CITY LIMITS: MEMORIES
OF A SMALL TOWN BOY.
204 pages. $29. Terry Teachout is a respected music critic, journalist and spare-time jazz musician. As a child, he was a misfit -- awkward, isolated from his niche. Then in early adolescence, he discovered what would become his passion.
Placing his dad's 78-rpm record onto the phonograph, he was unprepared for "the loud, piercing, joyous strains of the big band in full cry." Rhythm entered his life and changed everything, Mr. Teachout explains in "City Limits," his evocative and beautifully written memoir. "I stepped through an unmarked door . . . fell headlong into another universe and never looked back."
Much of this book is set in the Midwest town of Sikeston, Mo. But this isn't a reminiscence of growing up during the '60s and '70s in America's hometowns, as the dust jacket suggests. Rather, it's a story describing a particular kind of love that enters, then takes hold of a person's life. While cloaked in the homespun cloth of traditional family values, the Reagan Revolution actually was one of this nation's most radical political movements to date. Rather than conserving the familiar, it invited strangers into our country home and gave ,, them the run of the place. "Going for Broke" is the story of how Robert Campeau, a real-estate developer from Quebec with only $200 million in capital, was allowed to borrow nearly $11 billion of American money -- of what may end up being taxpayers' money -- to acquire companies that six months earlier he'd never heard of.
With two wives, two sets of children and nervous breakdowns nearly as frequent as his sheep-brain injections for longevity, Mr. Campeau was one of the strangest men who could possibly ride into town. But to his credit, John Rothchild doesn't demonize the man. Painting him instead as but another victim of the "mystical accounting" of the 1980s, he adopts an absurdist, Swiftian tone entirely appropriate for the era when "Chapter 11" became as familiar a part of the American lexicon as "Catch 22" or "Route 66."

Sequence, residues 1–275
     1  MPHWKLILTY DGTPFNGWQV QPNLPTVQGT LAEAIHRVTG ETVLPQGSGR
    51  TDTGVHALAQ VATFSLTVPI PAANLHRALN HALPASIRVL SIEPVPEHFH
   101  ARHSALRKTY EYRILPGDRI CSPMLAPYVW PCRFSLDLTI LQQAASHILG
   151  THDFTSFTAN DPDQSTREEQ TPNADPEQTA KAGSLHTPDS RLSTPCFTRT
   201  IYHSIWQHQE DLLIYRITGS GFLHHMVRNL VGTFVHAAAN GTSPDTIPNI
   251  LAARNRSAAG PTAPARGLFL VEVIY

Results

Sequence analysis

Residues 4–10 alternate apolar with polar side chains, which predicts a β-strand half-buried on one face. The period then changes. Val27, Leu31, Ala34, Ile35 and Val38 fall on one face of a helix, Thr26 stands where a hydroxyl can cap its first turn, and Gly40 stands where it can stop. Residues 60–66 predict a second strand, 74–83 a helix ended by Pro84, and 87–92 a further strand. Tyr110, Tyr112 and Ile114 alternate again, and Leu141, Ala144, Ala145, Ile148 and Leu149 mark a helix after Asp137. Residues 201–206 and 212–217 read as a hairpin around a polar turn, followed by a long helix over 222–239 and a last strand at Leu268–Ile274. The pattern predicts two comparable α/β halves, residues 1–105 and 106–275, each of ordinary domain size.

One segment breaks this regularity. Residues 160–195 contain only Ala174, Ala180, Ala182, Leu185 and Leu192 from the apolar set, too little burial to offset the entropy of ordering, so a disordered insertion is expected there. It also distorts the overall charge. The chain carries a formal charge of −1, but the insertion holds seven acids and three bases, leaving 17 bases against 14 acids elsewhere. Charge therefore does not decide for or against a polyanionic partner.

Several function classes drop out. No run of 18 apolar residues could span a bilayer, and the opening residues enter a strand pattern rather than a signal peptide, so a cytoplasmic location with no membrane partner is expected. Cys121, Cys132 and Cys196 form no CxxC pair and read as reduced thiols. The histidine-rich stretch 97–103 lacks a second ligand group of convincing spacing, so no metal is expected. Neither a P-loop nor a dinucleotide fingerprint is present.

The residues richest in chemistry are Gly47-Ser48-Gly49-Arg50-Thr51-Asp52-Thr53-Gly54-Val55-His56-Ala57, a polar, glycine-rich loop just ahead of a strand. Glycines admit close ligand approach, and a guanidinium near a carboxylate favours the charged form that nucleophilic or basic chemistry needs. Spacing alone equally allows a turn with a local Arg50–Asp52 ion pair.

@ Gary Paulsen has done it again. He has written a wonderful book that nonetheless is entirely different from his other wonderful books.
First, we meet a "caramel-colored" orphan girl whose left leg "didn't grow right" because her mother "did drugs or something." It's a combination that does not seem destined to attract prospective parents, but Emma and Fred Hemesvedt, from the small town of Bolton, Kan., decide to adopt Rachel Ellen Turner -- Rocky.
Second, Python appears, a big scruffy dog with curly tight hair. Rocky adopts Python, and they are never apart after that.
Third, sculptor Mick Strum comes to town, commissioned by Tru Langdon to design and build a monument for the 18 Bolton men who died in the Vietnam War. Rocky follows Mick around, incidentally and consequentially learning how to be an artist, as he draws and paints and plans the design for the town's monument.
Mr. Paulsen manages to create a wonderful young character, tell a fascinating story and express his own ideas about monument-building in this simple yet complete story about art, bravery and remembering. He dedicates this book to his father, who served 20 years in the Army, and the author declares, "should have had a monument." Now he does.